What does an award-winning Italian chef make for family and friends at Easter? We know what he makes for Christmas, but Easter? Why lamb chops stuffed with prosciutto, fontina and wild mushrooms in a red wine sauce of course! Not to mention 3 types of pasta and one enormous chocolate easter egg.
I spent Easter with M & B who for the past 3 years (well 13 really) have opened their home to me, fed me, and helped me pack at 1am when I was in a complete melt-down. M, comme d’habitude (as usual), created the menus, delightful and dazzling wrapped in an Easter bow. The night before we filled plastic eggs with a few coins, some chocolate eggs and reese’s peanut butter cups and hid them throughout the house for the kid’s (not mine!) easter egg hunt.
When the kids arrived they immediately started casing the joint, knowing full well that little round treasures were hidden right in front of them. When they got the go ahead, J immediately headed for the stuffed dog under which I thought I had so cleverly hid an egg. A, his older sister, just looked at me and rolled her eyes. Scary how a 5 year old can outsmart you and an 8 year old can find you to be so uncool.
Once the kids separated out and counted their stash and the adults had consumed copious amounts of Prosecco, it was time to feast. L had a wardrobe malfunction and came running in straight from Nordy’s out of breath but looking fabulous. So to answer my rhetorical question above, this is what an award winning chef has for easter. I was just grateful to be there to share in the food, friendship, convivialite.
asparagi bianchi alla veneta
steamed white & green asparagus drizzled with egg vinaigrette
pappardelle al tartufl nero e funghi
wide ribbons of pasta tossed with black truffle and wild mushrooms
homemade tortelloni filled with cheese and prosciutto in a green pea & creme sauce
risotto all’aragosta e asparagi
creamy aborio rice with maine lobster, asparagus, cherry tomates and white wine
costelette di agnello repiene
lamb chops stuffed with prosciutto, fontina and wild mushrooms in a red wine sauce
and grilled salmon for the lone vegetarian….
torta di choccolato e lamponi
chocolate torte layered with fresh raspberries
and we can’t forget the wine…. a fabulous ’97 Brunello de Montalcino! actually a few ’97 Brunello di Montalcinos….. which is why the picture of the dessert is so blurry! ;-)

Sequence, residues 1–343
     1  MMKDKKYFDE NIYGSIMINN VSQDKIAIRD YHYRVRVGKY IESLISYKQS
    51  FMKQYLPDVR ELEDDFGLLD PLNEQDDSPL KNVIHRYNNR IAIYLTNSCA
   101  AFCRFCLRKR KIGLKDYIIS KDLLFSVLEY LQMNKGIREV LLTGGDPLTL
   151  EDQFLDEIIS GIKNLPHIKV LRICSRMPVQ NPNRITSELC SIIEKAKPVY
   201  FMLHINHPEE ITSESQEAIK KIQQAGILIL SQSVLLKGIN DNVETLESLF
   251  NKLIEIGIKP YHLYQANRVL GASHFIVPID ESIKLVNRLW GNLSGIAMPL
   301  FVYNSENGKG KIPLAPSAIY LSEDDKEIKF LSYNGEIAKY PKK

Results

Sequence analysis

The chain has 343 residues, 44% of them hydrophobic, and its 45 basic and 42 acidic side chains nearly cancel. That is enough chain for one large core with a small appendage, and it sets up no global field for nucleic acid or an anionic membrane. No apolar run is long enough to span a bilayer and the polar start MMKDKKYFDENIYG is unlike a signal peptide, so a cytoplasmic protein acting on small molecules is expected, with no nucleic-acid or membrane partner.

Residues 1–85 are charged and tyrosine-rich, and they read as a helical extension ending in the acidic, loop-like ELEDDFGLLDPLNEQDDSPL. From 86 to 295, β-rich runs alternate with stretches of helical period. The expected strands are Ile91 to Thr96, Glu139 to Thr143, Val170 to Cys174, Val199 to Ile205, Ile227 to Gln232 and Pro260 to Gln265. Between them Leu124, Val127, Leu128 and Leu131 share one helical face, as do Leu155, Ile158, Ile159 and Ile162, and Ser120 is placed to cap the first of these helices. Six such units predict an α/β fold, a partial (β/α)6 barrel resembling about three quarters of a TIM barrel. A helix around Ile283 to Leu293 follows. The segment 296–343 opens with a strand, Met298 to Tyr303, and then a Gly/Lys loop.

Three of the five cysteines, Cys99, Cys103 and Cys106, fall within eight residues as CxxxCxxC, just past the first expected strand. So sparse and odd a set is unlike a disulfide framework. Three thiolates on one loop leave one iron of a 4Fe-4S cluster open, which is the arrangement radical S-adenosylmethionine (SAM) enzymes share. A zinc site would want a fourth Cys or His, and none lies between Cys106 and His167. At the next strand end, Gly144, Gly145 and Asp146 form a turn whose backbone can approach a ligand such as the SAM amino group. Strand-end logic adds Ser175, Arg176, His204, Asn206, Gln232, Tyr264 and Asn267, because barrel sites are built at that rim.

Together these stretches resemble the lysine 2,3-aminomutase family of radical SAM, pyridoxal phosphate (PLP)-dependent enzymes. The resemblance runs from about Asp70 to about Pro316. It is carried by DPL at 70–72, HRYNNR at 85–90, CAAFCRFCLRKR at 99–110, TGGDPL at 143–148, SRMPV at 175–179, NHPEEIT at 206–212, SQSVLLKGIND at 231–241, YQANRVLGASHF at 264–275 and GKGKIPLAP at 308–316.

Some tips on vinaigrettes….
Vinegar come from the french words vin (wine) and aigre (sour) and is the result of fermentation in wines and other alcohol. When making a vinaigrette, consider what you are dressing before selecting your oil and vinegar. If you want a light dressing for a more delicate salad such as mache, grab for the bottle of vegetable oil. if you want a strong more robust dressing, consider a strong extra virgin olive oil.
The same is true for the vinegars. If you are making a salad with fruit or it’s a hot summer day, consider a champagne vinegar. You can also use lemon juice, orange juice, or blood oranges! One of my favorites when making my green bean and red baby potato salad is a deep aged balsamic with dijon mustard and a friend’s home made olive oil.
Getting the ratio of oil to vinegar is key so start with 1 part vinegar to 2 parts oil. Then add the oil slowly whisking constantly until you have the desired taste and consistency. Taste it with what ever you will be dressing as it will be less strong when tossed on mache or potatoes.
Also, if you are adding herbs, shallots, or garlic to your vinagrette, add them to the vinegar first and let them infuse. Add the salt and pepper then as well because once the oil is incorporated, the infusion slows down.
Experiment with different oils and vinegars such as sherry vinegar, champagne vinegar or fruit juices. With oils, try sesame oil or hazelnut oil and if they are too strong alone cut it with a light flavored vegetable oil. And with the summer right around the corner, this is a perfect time to start.
Buona Pasqua d’Italia et Bon Appetit de Paris!Related
Category: Bay Area Bites Food + Drink